As Spain becomes one of a handful of countries that have decriminalised euthanasia, here is a round-up of the situation in Europe.
The Netherlands legalised active and direct euthanasia in 2002. Lethal doses of drugs are authorised if patients make the request while lucid.
They must also be experiencing unbearable suffering from a condition diagnosed as incurable by at least two doctors.
Last year the country’s highest court ruled that doctors will be able to conduct assisted suicides on patients with severe dementia without fear of prosecution, even if the patient no longer expressed an explicit death wish.
The Netherlands also moved towards making euthanasia legal for terminally-ill children aged between one and 12.
Belgium lifted restrictions on euthanasia in 2002 for patients facing constant, unbearable and untreatable physical or psychological suffering.
They must be aged 18 or over and request termination of life in a voluntary, reasoned and repeated manner, free from coercion.
In 2014 Belgium became the first country to authorise children to request euthanasia if they suffer a terminal disease and understand the consequences of the act.
In Luxembourg a text legalising euthanasia in certain terminal cases was approved in 2009. It excludes minors.
Switzerland is one of the rare countries that allows assisted suicide with patients administering a lethal dose of medication themselves. It does not allow active, direct euthanasia by a third party but tolerates the provision of substances to relieve suffering, even if death is a possible consequence.
Spain’s parliament voted through a law allowing euthanasia Thursday under strict conditions so terminally-ill or gravely-injured patients could end their own suffering.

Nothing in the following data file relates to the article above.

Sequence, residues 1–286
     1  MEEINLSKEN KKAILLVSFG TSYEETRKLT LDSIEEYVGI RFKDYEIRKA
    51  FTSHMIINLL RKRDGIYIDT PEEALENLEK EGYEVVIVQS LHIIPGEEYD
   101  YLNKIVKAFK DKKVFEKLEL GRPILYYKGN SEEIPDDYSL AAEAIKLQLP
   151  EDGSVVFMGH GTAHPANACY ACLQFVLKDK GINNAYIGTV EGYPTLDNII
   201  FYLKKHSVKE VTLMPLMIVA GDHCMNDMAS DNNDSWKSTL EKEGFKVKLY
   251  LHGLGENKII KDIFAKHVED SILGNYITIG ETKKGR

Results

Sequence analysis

In March Portugal’s top court rejected a law decriminalising euthanasia that had been approved by parliament in January.
The bill, which would have legalised access to assisted suicide for adult patients in a situation of “extreme suffering and irreversible damage”, now goes back to parliament for possible amendment.
Italy’s Constitutional Court ruled in 2019 it was not always a crime to help someone in “intolerable suffering” commit suicide. Parliament is set to debate a change in the law banning the practice.
The halting of medical procedures that maintain life, called passive euthanasia, is also tolerated.
In France a 2005 law legalised passive euthanasia as a “right to die”. A 2016 law allows doctors to couple this with “deep and continuous sedation” for terminally ill patients, while keeping euthanasia and assisted suicide illegal.
Sweden authorised passive euthanasia in 2010 and Ireland also recognises the “right to die”.
Britain has allowed medical personnel to halt life-preserving treatment in certain cases since 2002. Prosecution of those who have helped a close relative die, after clearly expressing the desire to end their lives, has receded since 2010.
In Austria and Germany, passive euthanasia is permitted if requested by the patient.
Austria’s constitutional court ruled in October the country was violating fundamental rights in ruling assisted suicide illegal and ordered the government to lift the ban in 2021.
Denmark has allowed people to file written refusal of excessive treatment in dire situations since 1992, with the document held in a centralised register.
In Norway passive euthanasia is permitted if requested by the patient or by a relative, if the patient is unconscious.
In Hungary people with incurable diseases can refuse treatment.
It is also legal to end treatment of terminally ill people in Lithuania and Latvia.